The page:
Sometimes, the most difficult part of creating an estate plan is not deciding who to include as beneficiaries but deciding how to gift assets to those beneficiaries. For example, you may be reluctant to pass down assets directly to a beneficiary because that individual cannot be trusted to manage his/her own money for one reason or another. If you find yourself in that position, a spendthrift trust may be the solution. For those who are unfamiliar with the concept, an Indianapolis estate planning attorney at Frank & Kraft explains how a spendthrift trust works.
The Spendthrift Beneficiary
Do you have an adult child, or another beneficiary, who qualifies as a spendthrift? This is someone who never seems to be able to handle money and/or who spends way more money than he/she should. Most families have one. Sometimes the lack of financial acumen has an actual cause, such as an addiction problem or a mental illness. For other spendthrifts, there is no obvious reason why they don’t handle money well; however, it is a universally agreed-upon fact that money management is not their strong suit. Understandably, the thought of handing a spendthrift beneficiary a sizeable inheritance likely makes you nervous. Fortunately, there is an estate planning tool that can help.
How Does a Spendthrift Trust Work?
One of the many benefits of using a trust instead of a Will to distribute an inheritance is the ability to retain a certain amount of control over how that inheritance is used. A spendthrift trust is a specialized type of trust that is aimed at preventing the beneficiaries of the trust from squandering their inheritance. Very specific language must be used to create a spendthrift clause; however, when drafted properly, a spendthrift clause will prevent a beneficiary from spending the trust funds frivolously as well as prevent borrowing against those funds or encumbering the funds in any way. A spendthrift clause can also prevent creditors of the beneficiary from accessing the trust funds to pay the debts of the beneficiary. In short, a spendthrift trust wraps the trust assets in a layer of protection against both outside claims to the assets and against the beneficiary’s inability to handle money.
Indiana Law and Spendthrift Provisions
Because state laws govern most aspects of trust creation and trust administration, we must look to California law to determine if a spendthrift provision within a trust agreement is enforceable. In 2019 Indiana made important changes to its trust laws. IN Code § 30-4-8-7 now provides as follows:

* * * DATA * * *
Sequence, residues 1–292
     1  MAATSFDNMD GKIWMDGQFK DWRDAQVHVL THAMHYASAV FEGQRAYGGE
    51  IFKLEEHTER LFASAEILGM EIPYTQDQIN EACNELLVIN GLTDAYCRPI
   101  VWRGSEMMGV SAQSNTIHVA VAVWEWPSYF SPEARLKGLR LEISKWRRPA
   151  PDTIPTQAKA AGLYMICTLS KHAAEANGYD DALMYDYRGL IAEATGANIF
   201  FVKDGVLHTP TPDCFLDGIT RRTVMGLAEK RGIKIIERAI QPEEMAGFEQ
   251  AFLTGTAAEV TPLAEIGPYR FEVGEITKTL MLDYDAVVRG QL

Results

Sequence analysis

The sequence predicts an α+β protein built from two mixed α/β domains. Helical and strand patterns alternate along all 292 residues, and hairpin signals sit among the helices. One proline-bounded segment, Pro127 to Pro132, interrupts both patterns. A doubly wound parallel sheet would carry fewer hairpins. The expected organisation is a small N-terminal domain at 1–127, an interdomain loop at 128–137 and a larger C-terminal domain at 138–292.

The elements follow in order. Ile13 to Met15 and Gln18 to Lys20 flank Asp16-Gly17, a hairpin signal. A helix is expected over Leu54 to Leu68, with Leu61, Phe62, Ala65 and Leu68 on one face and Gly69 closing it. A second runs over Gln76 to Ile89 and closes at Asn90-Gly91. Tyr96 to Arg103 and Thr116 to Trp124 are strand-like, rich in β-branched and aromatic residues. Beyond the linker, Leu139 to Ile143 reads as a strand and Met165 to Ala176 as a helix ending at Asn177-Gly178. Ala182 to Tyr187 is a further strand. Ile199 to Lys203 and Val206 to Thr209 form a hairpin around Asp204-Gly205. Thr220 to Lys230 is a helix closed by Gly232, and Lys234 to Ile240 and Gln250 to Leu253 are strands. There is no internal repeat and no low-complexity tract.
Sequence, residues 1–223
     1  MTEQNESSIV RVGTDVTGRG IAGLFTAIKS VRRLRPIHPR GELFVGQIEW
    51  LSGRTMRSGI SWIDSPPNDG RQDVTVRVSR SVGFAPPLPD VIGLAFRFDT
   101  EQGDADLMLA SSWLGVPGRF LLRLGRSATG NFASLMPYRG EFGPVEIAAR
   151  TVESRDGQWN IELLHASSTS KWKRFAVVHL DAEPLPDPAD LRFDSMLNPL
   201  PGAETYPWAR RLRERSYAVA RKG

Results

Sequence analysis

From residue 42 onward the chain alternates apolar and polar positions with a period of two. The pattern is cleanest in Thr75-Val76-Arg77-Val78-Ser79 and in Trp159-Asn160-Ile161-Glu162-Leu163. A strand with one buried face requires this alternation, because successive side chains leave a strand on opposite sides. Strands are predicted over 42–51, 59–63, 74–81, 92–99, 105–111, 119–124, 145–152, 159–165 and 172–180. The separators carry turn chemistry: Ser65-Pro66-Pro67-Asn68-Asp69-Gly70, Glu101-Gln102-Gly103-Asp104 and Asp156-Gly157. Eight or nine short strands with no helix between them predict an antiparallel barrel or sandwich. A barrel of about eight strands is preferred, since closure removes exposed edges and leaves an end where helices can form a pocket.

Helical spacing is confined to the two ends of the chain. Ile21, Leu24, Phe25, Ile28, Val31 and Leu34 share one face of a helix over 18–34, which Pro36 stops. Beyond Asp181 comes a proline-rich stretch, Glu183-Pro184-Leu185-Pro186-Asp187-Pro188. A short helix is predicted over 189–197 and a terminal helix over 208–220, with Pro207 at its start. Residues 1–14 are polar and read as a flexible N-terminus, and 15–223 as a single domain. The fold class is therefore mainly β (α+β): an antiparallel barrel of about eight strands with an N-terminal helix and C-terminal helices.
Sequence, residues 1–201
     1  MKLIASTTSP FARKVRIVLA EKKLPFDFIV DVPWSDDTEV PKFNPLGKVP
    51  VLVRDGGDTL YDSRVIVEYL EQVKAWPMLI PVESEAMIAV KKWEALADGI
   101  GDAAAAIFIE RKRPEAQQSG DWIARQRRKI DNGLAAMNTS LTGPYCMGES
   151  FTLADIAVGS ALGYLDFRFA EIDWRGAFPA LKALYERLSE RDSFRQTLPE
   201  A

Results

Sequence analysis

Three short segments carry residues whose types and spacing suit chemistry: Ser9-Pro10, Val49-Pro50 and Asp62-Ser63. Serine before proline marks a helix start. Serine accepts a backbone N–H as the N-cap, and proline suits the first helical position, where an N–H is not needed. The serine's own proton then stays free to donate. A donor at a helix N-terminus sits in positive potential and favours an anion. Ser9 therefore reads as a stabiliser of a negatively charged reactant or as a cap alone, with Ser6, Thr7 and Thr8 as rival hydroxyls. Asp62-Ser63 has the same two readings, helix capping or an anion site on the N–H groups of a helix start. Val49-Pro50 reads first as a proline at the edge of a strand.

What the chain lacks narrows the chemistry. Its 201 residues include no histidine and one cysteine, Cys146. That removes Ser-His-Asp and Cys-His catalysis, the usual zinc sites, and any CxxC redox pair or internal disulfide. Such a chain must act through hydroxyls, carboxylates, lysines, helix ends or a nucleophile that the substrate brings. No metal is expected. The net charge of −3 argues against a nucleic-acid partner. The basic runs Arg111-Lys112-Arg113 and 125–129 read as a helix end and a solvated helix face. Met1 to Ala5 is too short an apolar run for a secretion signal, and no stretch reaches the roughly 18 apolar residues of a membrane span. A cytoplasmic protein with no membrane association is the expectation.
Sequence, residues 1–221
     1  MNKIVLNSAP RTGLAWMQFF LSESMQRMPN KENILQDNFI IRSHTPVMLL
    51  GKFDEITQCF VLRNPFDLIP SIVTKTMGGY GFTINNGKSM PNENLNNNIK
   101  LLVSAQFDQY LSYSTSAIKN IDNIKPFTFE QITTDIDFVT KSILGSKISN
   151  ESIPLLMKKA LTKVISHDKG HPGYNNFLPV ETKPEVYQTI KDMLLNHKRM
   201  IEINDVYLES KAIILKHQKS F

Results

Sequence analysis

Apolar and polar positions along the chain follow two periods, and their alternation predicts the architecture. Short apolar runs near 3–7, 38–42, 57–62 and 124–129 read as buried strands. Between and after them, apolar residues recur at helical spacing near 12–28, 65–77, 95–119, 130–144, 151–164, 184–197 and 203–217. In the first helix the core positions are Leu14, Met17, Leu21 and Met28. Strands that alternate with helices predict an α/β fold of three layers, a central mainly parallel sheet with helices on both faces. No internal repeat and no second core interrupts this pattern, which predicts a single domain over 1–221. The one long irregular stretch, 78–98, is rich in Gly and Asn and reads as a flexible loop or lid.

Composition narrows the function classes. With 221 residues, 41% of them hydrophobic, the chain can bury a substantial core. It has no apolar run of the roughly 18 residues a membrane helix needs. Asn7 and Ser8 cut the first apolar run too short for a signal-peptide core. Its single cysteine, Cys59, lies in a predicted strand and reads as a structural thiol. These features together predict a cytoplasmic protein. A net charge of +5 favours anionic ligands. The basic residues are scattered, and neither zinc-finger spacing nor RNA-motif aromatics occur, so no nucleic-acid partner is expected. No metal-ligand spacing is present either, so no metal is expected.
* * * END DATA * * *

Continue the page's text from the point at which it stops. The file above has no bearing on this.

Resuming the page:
Sec. 7. (a) Except as provided in section 8 of this chapter, no cause of action of any kind, including a cause of action to enforce a judgment, may be brought for:
(1) an attachment or other provisional remedy against property that is the subject of a qualified disposition to a legacy trust; or
(2) the avoidance of a qualified disposition to a legacy trust.
The protections provided to a qualified disposition by this subsection apply notwithstanding any law to the contrary set forth outside this chapter.
(b) If a court declines to apply Indiana law in determining the effect of a spendthrift provision in a legacy trust in an action brought against a legacy trust, the trustee of the legacy trust shall immediately resign and, without further order of any court, cease to be the trustee of the legacy trust. When a trustee resigns under this section, the trustee has the power only to convey the trust property to a successor trustee appointed under this section. A successor trustee shall succeed the resigning trustee in accordance with the terms of the legacy trust. If the trust does not provide for a successor trustee and the trust would otherwise be without a trustee, any beneficiary of the trust may petition an Indiana court to appoint a successor trustee. The Indiana court receiving the petition shall appoint a successor trustee to serve in accordance with the terms and conditions that the court determines are consistent with the purposes of the trust and this chapter.
(c) A legacy trust and its property are protected under this section regardless of whether or not the transferor:
(1) serves as an investment adviser under section 12 of this chapter; or
(2) retains a power described in section 13 of this chapter.
(d) To the maximum extent permitted by the United States Constitution and the Indiana Constitution, a court of this state shall exercise jurisdiction over a legacy trust or a qualified disposition and shall adjudicate a case or controversy brought before the court regarding, arising out of, or related to a legacy trust or a qualified disposition if that case or controversy is otherwise within the subject matter jurisdiction of the court. Subject to the United States Constitution and the Indiana Constitution, a court of this state shall not dismiss or otherwise decline to adjudicate a case or controversy described in this subsection on the grounds that a court of another jurisdiction has acquired or may acquire proper jurisdiction over, or may provide proper venue for, the case or controversy or the parties to the case or controversy. Nothing in this subsection shall be construed to do either of the following:
(1) Prohibit a transfer or other reassignment of a case or controversy from one court of this state to another court of this state.
(2) Expand or limit the subject matter jurisdiction of a court of this state.
Contact Indianapolis Trust Attorneys
For more information, please join us for an upcoming FREE seminar. If you have additional questions or concerns regarding a spendthrift trust, contact the experienced Indianapolis trust attorneys at Frank & Kraft by calling (317) 684-1100 to schedule an appointment.